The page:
I agree with the fundamental principle, but don't think see that his message will see any significant rise in the amount of people looking after themselves. Unless he starts legislating...
 

Therumancer

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Nov 28, 2007
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Shadowtalon said:
Therumancer said:
As far as the rest goes, the problem with things like gangs is that community action is NOT going to get rid of them. It's been tried. The whole point of gangs is that they can overpower the community (duh) they never would have gotten to the point of a problem if people could just decide to get rid of them.
But the thing is, everything gangs get, they get from their community. Without a community, there would be no buyers for drugs, no gas stations to knock over, and no misguided youth to recruit. The community has power over them in that they hold the resources that the gang needs to remain running. Also a lot of gang members see themselves as defending their community from other gangs, so a strong amount of disapproval could cause members to become disillusioned. The parasite cannot exist without the host.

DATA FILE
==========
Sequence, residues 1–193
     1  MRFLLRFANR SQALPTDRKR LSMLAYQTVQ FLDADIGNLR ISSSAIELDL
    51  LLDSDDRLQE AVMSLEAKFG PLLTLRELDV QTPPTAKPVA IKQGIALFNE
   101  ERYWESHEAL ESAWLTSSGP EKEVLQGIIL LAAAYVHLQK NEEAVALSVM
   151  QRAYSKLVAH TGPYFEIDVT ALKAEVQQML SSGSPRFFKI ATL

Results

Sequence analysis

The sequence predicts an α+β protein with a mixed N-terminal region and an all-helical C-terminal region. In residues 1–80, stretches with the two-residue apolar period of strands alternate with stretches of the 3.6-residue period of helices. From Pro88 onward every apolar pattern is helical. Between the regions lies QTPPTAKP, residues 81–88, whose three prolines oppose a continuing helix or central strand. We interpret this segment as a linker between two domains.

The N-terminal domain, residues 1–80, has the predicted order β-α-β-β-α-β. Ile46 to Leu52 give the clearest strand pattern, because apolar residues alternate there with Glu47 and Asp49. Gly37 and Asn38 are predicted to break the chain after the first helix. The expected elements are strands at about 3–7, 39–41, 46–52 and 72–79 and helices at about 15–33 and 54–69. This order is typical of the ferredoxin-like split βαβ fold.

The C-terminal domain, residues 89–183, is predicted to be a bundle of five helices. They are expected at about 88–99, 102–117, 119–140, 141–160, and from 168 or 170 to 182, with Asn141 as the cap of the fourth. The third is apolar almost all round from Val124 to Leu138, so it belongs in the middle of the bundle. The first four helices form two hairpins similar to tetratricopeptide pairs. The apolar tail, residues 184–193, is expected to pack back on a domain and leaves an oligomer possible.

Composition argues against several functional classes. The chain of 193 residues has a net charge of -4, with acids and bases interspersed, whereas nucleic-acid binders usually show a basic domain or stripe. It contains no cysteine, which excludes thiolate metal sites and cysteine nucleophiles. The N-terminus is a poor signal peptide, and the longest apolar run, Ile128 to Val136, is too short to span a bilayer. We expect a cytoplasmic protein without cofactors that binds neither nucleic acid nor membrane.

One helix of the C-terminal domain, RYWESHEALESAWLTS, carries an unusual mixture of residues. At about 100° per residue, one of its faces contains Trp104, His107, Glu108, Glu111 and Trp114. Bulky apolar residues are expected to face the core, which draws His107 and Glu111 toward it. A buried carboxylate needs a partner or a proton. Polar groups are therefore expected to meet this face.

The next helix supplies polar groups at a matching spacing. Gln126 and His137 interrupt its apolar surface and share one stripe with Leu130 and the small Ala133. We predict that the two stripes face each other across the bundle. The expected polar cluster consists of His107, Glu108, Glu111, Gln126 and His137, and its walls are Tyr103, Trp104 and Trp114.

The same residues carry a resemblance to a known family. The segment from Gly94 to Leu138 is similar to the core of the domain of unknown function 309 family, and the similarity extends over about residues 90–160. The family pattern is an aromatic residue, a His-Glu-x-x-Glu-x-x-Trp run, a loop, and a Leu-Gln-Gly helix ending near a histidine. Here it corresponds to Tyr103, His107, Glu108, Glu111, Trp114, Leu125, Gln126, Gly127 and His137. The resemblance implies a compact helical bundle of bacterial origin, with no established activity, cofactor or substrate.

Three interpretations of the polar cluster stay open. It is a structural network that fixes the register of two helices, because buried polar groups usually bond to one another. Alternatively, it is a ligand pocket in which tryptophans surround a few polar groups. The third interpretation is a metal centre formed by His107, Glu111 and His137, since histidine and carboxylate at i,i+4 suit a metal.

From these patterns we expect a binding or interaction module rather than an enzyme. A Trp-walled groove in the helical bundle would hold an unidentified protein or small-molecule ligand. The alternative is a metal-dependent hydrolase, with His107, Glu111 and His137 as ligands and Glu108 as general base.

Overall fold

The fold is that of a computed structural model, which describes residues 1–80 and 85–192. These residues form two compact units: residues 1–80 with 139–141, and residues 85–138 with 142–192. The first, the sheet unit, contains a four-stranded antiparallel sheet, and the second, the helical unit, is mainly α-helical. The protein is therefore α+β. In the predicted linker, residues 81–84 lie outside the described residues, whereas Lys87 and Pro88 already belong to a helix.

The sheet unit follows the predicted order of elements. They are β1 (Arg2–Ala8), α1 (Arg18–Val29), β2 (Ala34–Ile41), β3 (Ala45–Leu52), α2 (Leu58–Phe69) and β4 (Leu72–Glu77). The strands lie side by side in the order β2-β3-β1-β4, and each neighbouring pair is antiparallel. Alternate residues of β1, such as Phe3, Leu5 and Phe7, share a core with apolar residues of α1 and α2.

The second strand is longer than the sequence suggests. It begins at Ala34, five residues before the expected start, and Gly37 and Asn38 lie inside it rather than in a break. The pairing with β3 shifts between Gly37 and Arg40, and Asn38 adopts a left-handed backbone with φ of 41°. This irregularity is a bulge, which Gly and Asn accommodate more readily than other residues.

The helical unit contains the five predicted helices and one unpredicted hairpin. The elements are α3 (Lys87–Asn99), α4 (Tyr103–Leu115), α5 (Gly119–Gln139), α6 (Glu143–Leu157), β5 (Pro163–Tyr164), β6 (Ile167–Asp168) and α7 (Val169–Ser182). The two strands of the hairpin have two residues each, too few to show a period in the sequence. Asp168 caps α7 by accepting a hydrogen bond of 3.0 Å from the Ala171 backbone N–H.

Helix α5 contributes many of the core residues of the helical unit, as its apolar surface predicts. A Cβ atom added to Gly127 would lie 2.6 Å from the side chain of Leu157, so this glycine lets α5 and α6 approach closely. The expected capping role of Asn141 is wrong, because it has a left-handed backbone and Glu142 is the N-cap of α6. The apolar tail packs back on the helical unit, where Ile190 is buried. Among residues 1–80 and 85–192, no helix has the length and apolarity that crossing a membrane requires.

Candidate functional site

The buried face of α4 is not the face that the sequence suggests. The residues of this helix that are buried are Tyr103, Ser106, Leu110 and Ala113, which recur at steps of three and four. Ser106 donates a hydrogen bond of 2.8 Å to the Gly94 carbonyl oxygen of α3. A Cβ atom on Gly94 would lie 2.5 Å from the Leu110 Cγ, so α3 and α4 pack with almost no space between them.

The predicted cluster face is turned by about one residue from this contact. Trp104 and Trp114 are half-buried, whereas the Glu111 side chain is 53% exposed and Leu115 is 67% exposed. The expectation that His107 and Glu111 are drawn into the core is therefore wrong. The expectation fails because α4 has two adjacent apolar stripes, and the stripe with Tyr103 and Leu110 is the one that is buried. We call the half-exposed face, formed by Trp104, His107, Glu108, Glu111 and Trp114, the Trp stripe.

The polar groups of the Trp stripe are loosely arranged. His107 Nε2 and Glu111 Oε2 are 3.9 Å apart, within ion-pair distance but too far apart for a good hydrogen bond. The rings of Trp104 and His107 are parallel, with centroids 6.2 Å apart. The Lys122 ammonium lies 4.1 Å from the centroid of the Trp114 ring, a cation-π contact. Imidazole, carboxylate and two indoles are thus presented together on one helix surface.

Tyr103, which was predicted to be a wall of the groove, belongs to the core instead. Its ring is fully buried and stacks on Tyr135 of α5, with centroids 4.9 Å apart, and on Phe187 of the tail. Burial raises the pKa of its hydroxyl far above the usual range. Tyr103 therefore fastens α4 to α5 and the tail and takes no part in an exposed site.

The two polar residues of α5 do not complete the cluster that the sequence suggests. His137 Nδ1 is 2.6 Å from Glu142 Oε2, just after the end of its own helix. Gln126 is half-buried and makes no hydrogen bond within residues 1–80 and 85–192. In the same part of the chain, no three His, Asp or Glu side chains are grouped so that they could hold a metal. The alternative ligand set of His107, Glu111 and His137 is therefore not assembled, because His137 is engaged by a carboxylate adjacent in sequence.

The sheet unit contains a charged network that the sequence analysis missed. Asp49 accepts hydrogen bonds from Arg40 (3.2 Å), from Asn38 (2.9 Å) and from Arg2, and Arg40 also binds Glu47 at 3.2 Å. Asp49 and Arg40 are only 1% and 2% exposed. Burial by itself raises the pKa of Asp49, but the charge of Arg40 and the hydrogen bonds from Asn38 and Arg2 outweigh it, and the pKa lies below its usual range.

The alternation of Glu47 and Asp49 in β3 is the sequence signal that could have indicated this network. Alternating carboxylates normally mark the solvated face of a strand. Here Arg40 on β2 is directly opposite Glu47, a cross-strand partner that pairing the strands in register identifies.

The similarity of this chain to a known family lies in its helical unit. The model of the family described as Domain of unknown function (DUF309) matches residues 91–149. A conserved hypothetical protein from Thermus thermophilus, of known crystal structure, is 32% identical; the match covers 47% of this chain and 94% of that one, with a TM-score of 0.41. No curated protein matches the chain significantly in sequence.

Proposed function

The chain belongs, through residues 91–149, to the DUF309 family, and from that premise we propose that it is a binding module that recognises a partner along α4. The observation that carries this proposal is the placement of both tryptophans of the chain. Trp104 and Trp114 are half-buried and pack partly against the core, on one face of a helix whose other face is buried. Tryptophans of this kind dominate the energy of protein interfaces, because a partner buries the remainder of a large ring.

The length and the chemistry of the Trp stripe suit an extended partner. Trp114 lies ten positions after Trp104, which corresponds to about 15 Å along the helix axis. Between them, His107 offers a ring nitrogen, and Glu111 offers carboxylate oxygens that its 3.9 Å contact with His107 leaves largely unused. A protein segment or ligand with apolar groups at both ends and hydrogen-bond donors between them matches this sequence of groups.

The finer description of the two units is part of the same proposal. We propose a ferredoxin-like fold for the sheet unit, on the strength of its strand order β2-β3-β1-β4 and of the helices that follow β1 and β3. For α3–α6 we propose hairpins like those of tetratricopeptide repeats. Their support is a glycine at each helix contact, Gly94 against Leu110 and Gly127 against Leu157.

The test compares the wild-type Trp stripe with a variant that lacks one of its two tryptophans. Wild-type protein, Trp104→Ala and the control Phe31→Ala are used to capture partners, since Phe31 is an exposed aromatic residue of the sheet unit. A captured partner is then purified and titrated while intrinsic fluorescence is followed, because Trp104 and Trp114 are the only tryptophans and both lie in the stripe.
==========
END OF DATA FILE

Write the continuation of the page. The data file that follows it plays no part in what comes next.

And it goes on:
However a parasite can kill the host as it goes down.

The trick here is to kill the parasite so the host can recover.

Like most discussions on the internet we're going to have to agree to disagree, and we are getting ridiculously far afield of the original subject, and even questions about what Obama can do.

Simply put I think he's blaming video games for problems they have nothing to do with, and using them as a scapegoat has more than one angle to it. Either way I dislike this being done as a gamer.